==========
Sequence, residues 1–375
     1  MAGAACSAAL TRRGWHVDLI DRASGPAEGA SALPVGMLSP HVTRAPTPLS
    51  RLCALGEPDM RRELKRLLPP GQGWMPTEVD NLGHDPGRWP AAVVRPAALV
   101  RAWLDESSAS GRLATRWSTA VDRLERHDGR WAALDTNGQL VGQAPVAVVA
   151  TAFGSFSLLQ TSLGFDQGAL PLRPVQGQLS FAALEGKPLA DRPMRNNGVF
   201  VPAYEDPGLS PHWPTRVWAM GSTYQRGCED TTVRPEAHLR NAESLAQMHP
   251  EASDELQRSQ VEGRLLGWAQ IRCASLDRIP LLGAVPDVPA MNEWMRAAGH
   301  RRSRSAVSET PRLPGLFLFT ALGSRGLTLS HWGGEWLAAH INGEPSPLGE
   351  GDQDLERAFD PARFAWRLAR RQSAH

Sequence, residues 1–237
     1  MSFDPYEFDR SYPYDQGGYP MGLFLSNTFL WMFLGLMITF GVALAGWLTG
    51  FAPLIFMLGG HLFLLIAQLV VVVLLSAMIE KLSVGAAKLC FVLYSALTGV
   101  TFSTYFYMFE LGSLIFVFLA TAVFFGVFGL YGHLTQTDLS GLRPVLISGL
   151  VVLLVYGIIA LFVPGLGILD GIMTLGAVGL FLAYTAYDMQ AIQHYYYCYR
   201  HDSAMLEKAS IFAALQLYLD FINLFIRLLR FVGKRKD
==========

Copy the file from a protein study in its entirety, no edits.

Sequence, residues 1–375
     1  MAGAACSAAL TRRGWHVDLI DRASGPAEGA SALPVGMLSP HVTRAPTPLS
    51  RLCALGEPDM RRELKRLLPP GQGWMPTEVD NLGHDPGRWP AAVVRPAALV
   101  RAWLDESSAS GRLATRWSTA VDRLERHDGR WAALDTNGQL VGQAPVAVVA
   151  TAFGSFSLLQ TSLGFDQGAL PLRPVQGQLS FAALEGKPLA DRPMRNNGVF
   201  VPAYEDPGLS PHWPTRVWAM GSTYQRGCED TTVRPEAHLR NAESLAQMHP
   251  EASDELQRSQ VEGRLLGWAQ IRCASLDRIP LLGAVPDVPA MNEWMRAAGH
   301  RRSRSAVSET PRLPGLFLFT ALGSRGLTLS HWGGEWLAAH INGEPSPLGE
   351  GDQDLERAFD PARFAWRLAR RQSAH

Sequence, residues 1–237
     1  MSFDPYEFDR SYPYDQGGYP MGLFLSNTFL WMFLGLMITF GVALAGWLTG
    51  FAPLIFMLGG HLFLLIAQLV VVVLLSAMIE KLSVGAAKLC FVLYSALTGV
   101  TFSTYFYMFE LGSLIFVFLA TAVFFGVFGL YGHLTQTDLS GLRPVLISGL
   151  VVLLVYGIIA LFVPGLGILD GIMTLGAVGL FLAYTAYDMQ AIQHYYYCYR
   201  HDSAMLEKAS IFAALQLYLD FINLFIRLLR FVGKRKD